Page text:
On vacation over the summer, I sat having dinner with a friend and his boss – a senior manager at a large British company. Over dessert, the conversation turned to my plans for the future. Was I ever coming back to the UK? Or, was I in China for good? I assured them that I planned to return home at some point, I just wasn't sure when. My friend then asked whether I thought my time in China would help me find a good job when I finally got back to England. For many expats, this is the $64,000 question. Will employers see a spell in China as evidence of adaptability, an adventurous spirit and a sense of dynamism? Or, will they view it simply as a long holiday and time wasted? Will it grab a HR department's attention with enough vigor to secure an interview at a top company?
At this point, my friend's boss chimed in, "As a manager, if I saw a stint in China on someone's resume, my curiosity would certainly be piqued. Maybe this would be enough to convince me to offer them an interview. But, I don't think it is quite as simple as spending time overseas being either positive or negative. It's just isn't that black and white." The more I pondered the issue, the more I could not help but agree with him. There are so many expats doing so many different jobs that looking at things in such simple terms would be foolish. Therefore, I will break the issue down into different areas. I will start with one that I have touched on in previous articles, young graduates.
Currently, in both the UK and US, graduates leaving university face grim job prospects. In both countries, the unemployment rate for those fresh out of the gates of academia is pushing 10%. This makes finding good jobs particularly difficult. Graduates now need something to distinguish themselves from the mass of their peers. In this way, as my friend's boss suggested, time in China can help – it can “pique an employer's curiosity”. However, there are limits and exceptions. For example, 6 months or a year can work well in this regard, but as this stretches to two years and more, things begin to change. Spending too long out of their home country can have a two-fold effect on young graduates, (a) The sense of dynamism and adventure is replaced by one of wasted time and drift, and (b) The longer they spend away from home, the more graduates enter the market and competition for jobs becomes even more fierce.
For most students fresh out of university, their clear option will be teaching. This is an option that is fine, in the short-term. However, if the graduate wants to avoid the problems mentioned above and intends to make their time in China a success that will have long-term benefits for his or her career, then moving away from teaching may well be a sound option – unless the graduate hopes to one day become a teacher! This is why we have also seen the growth of internships that look to offer young expats vital practical experience that they can use when they return home.
For slightly older expats, with some professional experience, the value of their time in China depends most on how they use it. For many, China offers opportunities that would be far harder to find in their home countries. In many major companies and major markets, the competition for management and high-level technical positions is intense. One way to circumvent this competition is to be prepared to move to China – even now many Western employees still find China as a “hardship” posting and are wary of such a challenging move. This means that whilst a management position in Europe or the US will be hard to secure, in China it may be considerably easier. Moves like this most commonly begin in the expat's home country. It is rare to see large companies hiring for managerial or technical talent within China's expat market, at least certainly not on a wide scale.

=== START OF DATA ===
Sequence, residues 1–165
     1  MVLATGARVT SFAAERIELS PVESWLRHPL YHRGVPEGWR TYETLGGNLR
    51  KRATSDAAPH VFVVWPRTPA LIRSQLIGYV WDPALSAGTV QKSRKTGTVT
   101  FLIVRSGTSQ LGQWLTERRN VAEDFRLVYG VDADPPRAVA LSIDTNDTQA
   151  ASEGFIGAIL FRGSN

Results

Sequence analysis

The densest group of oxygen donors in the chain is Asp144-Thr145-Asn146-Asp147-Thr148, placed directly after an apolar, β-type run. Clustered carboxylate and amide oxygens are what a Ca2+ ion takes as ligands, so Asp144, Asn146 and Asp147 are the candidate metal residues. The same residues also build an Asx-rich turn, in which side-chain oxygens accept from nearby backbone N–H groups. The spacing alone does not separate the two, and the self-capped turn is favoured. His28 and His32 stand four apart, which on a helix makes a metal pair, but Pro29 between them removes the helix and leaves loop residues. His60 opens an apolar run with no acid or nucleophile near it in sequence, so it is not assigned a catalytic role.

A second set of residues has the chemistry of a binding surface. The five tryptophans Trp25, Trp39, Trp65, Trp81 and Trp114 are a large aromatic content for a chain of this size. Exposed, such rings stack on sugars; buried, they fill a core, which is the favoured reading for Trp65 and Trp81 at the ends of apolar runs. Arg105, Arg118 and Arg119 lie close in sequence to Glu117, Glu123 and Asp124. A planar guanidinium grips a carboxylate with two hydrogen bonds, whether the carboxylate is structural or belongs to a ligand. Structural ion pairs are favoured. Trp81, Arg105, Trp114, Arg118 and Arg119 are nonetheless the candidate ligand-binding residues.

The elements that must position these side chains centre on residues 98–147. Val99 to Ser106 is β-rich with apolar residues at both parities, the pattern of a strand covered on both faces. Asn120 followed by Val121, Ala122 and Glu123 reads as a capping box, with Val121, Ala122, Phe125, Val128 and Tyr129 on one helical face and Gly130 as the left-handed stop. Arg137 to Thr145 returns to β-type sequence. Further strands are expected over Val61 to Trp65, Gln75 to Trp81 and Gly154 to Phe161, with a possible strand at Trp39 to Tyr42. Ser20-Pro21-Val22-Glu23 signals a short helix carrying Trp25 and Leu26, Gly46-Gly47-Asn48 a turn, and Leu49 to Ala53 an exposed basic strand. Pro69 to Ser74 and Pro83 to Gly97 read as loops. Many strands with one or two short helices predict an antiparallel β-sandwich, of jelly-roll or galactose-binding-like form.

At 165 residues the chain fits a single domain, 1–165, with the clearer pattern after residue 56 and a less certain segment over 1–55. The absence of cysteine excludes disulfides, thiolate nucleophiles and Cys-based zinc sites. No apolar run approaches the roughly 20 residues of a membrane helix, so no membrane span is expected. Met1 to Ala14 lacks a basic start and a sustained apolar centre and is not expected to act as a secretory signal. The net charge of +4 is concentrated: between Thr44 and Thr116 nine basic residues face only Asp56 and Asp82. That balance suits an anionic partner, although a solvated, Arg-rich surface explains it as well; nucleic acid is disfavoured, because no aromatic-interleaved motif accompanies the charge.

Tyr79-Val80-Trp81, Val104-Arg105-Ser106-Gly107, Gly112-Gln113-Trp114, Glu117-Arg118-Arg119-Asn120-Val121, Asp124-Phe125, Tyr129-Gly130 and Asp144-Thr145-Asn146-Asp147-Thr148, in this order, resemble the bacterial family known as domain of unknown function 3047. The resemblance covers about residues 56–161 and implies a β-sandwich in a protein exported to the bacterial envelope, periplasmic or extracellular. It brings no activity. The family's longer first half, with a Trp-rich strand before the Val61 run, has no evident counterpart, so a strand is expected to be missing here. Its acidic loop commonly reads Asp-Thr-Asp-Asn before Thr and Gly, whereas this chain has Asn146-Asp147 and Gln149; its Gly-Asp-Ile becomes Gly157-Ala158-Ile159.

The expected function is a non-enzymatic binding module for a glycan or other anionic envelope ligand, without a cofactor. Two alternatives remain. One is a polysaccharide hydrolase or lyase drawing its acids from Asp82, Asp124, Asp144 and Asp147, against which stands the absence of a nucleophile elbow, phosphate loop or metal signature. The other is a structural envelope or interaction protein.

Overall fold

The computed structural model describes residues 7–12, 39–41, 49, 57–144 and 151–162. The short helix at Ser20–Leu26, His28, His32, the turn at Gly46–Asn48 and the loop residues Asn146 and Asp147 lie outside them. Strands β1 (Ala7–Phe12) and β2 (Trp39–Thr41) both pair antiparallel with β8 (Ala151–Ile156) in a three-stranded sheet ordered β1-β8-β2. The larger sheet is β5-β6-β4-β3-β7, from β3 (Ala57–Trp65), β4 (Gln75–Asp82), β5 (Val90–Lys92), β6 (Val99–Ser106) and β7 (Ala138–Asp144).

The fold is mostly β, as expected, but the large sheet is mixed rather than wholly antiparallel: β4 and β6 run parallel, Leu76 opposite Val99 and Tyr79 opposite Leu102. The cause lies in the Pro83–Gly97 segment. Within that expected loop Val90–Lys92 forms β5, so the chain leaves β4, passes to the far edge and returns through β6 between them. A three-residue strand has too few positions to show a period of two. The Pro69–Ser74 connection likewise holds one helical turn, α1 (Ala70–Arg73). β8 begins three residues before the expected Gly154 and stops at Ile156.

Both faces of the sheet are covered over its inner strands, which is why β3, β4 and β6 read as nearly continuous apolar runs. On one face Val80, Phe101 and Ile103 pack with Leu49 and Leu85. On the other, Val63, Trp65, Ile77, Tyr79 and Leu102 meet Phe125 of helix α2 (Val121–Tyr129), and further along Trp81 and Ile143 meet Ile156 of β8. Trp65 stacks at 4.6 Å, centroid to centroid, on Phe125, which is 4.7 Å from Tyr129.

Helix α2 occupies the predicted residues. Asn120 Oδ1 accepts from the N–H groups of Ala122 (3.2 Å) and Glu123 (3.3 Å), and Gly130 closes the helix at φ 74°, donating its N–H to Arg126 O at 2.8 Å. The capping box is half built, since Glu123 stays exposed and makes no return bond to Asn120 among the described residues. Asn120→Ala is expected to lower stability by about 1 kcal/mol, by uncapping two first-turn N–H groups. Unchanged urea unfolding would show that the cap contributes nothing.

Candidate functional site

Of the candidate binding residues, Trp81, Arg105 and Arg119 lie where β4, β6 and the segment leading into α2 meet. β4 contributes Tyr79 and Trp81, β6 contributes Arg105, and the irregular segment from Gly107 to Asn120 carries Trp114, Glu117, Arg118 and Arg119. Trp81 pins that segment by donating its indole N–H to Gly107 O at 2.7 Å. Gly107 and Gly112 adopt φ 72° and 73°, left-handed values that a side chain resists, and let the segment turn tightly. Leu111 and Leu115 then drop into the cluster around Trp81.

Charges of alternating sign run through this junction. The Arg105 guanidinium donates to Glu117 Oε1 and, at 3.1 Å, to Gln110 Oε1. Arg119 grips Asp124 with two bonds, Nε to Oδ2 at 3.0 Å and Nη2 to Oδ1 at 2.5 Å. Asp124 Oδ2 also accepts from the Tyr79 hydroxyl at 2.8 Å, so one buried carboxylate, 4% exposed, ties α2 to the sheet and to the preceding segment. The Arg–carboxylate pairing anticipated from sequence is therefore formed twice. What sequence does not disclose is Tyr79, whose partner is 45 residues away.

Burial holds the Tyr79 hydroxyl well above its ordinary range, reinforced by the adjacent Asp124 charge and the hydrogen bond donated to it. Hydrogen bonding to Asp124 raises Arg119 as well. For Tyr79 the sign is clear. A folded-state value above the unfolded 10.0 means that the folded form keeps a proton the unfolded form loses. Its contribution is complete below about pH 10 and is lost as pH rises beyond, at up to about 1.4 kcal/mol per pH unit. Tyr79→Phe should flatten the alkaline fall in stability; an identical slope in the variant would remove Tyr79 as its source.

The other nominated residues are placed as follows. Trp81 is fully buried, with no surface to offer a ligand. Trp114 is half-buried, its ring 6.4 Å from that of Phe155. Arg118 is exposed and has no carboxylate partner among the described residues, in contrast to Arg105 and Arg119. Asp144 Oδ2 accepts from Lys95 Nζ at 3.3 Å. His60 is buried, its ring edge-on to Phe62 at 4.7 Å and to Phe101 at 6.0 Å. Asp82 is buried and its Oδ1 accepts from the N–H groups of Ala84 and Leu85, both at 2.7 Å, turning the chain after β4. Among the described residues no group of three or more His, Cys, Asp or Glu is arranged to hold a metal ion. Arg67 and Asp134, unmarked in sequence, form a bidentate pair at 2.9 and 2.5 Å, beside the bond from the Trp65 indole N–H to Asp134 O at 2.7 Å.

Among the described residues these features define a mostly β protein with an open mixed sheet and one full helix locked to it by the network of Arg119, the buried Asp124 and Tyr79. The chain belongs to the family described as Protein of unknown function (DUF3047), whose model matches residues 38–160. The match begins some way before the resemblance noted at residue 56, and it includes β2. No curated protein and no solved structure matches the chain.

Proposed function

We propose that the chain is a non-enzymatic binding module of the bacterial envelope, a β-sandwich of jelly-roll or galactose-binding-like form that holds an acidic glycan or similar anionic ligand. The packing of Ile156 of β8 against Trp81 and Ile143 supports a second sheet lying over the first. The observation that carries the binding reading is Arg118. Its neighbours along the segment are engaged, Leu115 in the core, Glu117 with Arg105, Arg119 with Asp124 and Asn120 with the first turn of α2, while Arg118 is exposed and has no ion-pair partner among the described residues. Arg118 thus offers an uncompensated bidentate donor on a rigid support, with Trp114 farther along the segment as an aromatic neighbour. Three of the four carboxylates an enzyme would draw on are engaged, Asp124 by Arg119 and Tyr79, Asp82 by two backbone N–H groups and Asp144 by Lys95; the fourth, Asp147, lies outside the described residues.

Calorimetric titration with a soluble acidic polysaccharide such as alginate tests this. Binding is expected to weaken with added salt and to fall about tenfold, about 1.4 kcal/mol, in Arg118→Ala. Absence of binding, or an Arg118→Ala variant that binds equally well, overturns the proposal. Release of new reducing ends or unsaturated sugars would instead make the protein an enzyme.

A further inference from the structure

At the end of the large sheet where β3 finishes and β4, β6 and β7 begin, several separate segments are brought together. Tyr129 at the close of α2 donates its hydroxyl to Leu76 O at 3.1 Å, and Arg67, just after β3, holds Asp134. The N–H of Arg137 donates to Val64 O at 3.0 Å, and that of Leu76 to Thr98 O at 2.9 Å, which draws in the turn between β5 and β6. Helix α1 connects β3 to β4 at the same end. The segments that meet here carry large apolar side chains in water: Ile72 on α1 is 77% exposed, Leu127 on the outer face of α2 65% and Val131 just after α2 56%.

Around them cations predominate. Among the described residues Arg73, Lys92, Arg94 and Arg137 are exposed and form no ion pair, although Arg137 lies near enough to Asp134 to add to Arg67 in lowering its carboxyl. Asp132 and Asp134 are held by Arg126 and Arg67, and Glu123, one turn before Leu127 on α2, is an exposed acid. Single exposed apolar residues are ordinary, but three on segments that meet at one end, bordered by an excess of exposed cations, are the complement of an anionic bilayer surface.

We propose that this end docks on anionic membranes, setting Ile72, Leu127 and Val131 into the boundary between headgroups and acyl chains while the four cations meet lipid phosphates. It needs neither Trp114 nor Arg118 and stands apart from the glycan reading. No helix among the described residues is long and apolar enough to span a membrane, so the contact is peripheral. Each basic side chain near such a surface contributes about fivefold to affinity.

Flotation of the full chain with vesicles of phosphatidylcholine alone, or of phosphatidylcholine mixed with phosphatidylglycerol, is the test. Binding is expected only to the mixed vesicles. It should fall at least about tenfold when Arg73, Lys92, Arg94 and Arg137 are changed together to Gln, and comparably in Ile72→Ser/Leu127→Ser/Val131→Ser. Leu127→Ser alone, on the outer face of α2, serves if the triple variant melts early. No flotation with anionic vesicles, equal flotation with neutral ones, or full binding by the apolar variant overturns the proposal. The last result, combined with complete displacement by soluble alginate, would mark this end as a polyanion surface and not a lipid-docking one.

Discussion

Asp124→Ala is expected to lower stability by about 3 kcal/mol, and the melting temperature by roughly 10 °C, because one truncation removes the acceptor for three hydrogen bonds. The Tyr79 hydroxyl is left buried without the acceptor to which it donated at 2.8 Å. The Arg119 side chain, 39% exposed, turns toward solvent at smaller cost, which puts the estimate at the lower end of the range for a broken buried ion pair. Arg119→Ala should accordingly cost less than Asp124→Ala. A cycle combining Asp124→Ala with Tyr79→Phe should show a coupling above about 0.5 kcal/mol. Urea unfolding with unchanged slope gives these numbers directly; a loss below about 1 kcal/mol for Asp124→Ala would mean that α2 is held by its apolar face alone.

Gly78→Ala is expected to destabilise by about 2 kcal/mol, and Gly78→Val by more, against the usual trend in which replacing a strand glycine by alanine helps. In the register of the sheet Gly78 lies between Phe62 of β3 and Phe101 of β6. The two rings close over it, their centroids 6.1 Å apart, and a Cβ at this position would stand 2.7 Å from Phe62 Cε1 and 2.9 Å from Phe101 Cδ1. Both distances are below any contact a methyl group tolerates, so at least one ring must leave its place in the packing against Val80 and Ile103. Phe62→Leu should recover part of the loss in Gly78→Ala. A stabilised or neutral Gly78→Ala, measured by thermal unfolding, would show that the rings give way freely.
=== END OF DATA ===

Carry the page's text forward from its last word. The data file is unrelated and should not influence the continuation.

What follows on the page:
I have met several European managers who, at home, were competing with hundreds of others for a handful of managerial positions. However, because they were prepared to move to China, and others preferred to stay at home, they got the opportunity to take relatively high positions at a surprisingly young age and to accrue vital managerial experience. When they return to their home countries there is a good chance that this will help them leapfrog many of their competitors in the race for top jobs. I even met one expat who was in the process of applying for jobs at home and was finding that employers almost did not believe the experience he had managed to acquire here in China by the age of 30.
There is, sadly, also a flip-side to this equation. If the time is not used wisely, it can cause a once promising career to stutter and to stagnate. For example, for those professionals taking a career break and heading to China to teach, the risks can be high. It may allow them to take time out, to recharge batteries and to experience another culture, but at the same time it can cause a successful career to embark on a downward spiral. For example, I have met two or three professionals from scientific fields – these were well qualified men in their thirties with almost a decade of experience – who had come to China for a taste of life outside the lab. The problem with this decision was that with each month outside their industry at home they began to fall behind others in their industry and to see a black hole appearing on their resume. This has impacted upon their employability at home and has, ultimately, damaged their careers.
Finding and Keeping Jobs in China
Leaving China and the Challenges of Returning “Home”
China Beyond the Blackboard: Finding Jobs Besides Teaching